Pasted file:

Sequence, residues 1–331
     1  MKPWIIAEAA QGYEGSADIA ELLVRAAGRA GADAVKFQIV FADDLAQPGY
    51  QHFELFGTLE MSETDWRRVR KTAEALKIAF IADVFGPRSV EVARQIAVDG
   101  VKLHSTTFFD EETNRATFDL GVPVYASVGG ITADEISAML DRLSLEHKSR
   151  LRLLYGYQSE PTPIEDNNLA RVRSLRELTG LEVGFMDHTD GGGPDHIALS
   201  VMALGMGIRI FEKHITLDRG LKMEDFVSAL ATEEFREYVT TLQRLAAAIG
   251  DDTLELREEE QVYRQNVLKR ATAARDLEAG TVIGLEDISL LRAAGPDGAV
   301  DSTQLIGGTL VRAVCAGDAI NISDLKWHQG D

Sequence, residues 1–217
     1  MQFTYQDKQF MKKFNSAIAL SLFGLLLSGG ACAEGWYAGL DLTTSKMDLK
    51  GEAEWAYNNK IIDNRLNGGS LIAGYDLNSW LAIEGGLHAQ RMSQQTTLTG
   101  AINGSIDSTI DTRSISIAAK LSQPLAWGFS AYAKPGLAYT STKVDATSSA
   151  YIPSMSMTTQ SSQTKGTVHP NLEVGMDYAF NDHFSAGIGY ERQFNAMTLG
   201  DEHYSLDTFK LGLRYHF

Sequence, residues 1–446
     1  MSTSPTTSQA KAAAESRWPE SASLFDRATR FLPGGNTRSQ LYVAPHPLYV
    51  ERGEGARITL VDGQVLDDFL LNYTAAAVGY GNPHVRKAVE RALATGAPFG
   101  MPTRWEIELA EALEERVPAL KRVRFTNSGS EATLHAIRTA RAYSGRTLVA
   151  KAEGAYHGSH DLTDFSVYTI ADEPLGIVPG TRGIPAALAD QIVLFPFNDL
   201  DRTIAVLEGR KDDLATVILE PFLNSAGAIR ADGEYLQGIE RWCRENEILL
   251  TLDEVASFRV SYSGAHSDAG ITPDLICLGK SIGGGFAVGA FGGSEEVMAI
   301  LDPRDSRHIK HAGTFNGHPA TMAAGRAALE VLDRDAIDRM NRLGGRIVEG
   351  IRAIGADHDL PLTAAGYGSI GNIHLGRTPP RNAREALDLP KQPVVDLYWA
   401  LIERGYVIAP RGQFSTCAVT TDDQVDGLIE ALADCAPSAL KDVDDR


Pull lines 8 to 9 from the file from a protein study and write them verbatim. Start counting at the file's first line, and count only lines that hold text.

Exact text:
   301  DSTQLIGGTL VRAVCAGDAI NISDLKWHQG D

Sequence, residues 1–217